And he continued to be relevant even after McCall had fallen on his sword. Peter Taylor’s first signing as manager had been a left back to take O’Brien’s place, but he eventually won it back from Robbie Threlfall. Peter Jackson preferred Luke too, and going into the 2011/12 season declared that Threlfall could leave the club. It is rumoured that personal problems in O’Brien’s life caused a rethink on Threlfall’s future, and Phil Parkinson never looked like a fan of O’Brien. In January 2012 Luke was moved on; Parkinson preferring to use centre back Marcel Seip as his left back.

Yet the destinations of both Colbeck and O’Brien were not downwards initially: from Valley Parade, they moved up divisions. In the summer of 2009 Colbeck turned down a new contract under McCall, preferring to attempt to impress enough in pre-season to convince City to offer him better terms. In the end he was reunited with his Darlington saviour Dave Penny with League One Oldham (who described Colbeck as being in the “Stanley Matthews mould”). To put the £60k move into perspective, that summer Oldham was also the destination of City’s star loanee who we could never hope to keep: Dean Furman.

O’Brien also moved up a league, to St. James Park and Exeter. That neither player excelled in League One was no huge disgrace – we knew they had their limitations – but surely they could sustain careers in the basement league at least? Colbeck left Oldham soon after Penny was sacked, signing a two-year contract at Hereford United. He was, infamously, the subject of horrendous barracking on his first return to Valley Parade that 2010/11 season, but a year later came off the bench in the same fixture to some applause. At Edgar Street in 2011/12, Colbeck played more games in a season than he’d ever achieved before.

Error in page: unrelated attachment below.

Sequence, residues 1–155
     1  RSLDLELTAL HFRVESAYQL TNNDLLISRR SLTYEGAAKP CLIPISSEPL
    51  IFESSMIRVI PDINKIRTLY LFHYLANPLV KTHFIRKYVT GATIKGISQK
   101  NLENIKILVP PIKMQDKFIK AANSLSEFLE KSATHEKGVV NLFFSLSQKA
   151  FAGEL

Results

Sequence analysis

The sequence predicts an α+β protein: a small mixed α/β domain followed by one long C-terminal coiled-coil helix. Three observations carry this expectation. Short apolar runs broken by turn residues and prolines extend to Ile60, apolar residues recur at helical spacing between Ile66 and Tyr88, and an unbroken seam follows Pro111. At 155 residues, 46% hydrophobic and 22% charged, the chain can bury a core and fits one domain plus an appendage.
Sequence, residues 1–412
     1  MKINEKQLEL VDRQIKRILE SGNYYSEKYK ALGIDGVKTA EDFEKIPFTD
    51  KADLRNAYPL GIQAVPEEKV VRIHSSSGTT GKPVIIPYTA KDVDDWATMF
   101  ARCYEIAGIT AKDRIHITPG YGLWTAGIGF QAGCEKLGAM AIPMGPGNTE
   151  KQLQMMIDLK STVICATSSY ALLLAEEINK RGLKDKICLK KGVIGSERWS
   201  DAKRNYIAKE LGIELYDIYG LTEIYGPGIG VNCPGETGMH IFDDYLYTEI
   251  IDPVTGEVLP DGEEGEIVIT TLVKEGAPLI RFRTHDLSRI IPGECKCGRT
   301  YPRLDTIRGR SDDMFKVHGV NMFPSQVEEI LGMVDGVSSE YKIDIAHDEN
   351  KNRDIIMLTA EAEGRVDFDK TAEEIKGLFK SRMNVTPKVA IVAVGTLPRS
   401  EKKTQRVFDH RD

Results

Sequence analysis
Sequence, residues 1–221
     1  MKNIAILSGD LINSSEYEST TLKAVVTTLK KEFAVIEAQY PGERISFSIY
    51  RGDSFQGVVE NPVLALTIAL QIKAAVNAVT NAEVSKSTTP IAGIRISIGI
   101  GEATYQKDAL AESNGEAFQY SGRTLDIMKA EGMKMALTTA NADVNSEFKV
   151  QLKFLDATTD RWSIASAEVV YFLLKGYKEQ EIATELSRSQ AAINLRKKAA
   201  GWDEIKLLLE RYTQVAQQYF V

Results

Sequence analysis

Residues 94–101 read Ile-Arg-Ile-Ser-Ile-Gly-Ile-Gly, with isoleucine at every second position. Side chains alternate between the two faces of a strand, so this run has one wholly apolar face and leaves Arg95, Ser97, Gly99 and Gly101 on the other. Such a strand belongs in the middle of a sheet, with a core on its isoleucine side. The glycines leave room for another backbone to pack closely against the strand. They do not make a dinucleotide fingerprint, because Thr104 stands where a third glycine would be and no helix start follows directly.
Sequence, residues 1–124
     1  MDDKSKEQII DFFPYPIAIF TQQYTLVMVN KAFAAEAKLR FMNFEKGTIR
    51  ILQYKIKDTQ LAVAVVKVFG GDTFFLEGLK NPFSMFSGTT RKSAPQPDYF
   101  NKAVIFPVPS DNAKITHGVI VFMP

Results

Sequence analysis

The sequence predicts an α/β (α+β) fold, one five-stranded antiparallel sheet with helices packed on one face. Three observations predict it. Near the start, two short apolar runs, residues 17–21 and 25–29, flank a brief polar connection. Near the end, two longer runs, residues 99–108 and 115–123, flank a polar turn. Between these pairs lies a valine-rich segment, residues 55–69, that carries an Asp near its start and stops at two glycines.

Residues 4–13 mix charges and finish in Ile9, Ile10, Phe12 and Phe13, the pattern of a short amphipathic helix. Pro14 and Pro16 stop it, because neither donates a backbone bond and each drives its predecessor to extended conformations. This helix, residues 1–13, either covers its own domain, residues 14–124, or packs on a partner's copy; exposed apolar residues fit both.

Yet the decline continued. O’Brien, released by Exeter after just three appearances, joined Oxford on a sh0rt-term basis in 2012 and played against the Bantams to warm appreciation from his former supporters. He played just 15 times for the Us, however, and spent last season at Gateshead. Meanwhile a relegated Hereford released Colbeck and he rocked up at non-league Grimsby. In two seasons at Blundell Park, Colbeck had a mixed time with some excellent performances (such as a hat trick of assists in a derby victory over Lincoln) offset by further injuries and an FA fine for improper comments on Twitter.

Which brings them back to the City of Bradford this summer and playing part time. There are former City youth team mates of the pair who barely got a chance at Valley Parade, yet who now feature higher up the league ladder. Their fall is staggering, and seems too much. Perhaps, just like another youth graduate Mark Bower, who moved to Guiseley in order to combine playing with setting up an estate agent business, it is their choice to sink so low. That there were better offers on the table, possibly to stay full time, that didn’t appeal. That the money on offer would be too low to live on, and that combining a part-time wage at BPA/Thackley with another job will prove more rewarding. Especially as they can continue to live in an area they grew up in. (O’Brien is still seen in and around the Valley Parade, and still attends the player of the season awards.)

But still, it is sad. No one was blind to either player’s faults, and the level City have now reached was clearly beyond their abilities, but four or five years of regularly playing at Valley Parade should have been cue to a long-term playing career in the Football League. Should have, but hasn’t been. An important lesson for every young player hoping to make it as a professional – it is unbelievably difficult to make a career of it.

Categories: Opinion

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2 replies

  1. I am certain there will be a separate article on this, but another who has divided opinion has left today. John Mac, good luck for the future and you will always be remembered for your part in our revival.

    I think his leaving was always on the cards this summer but still sad to see him go. Lets home Pickford can live up to his billing – if you are good enough you are old enough.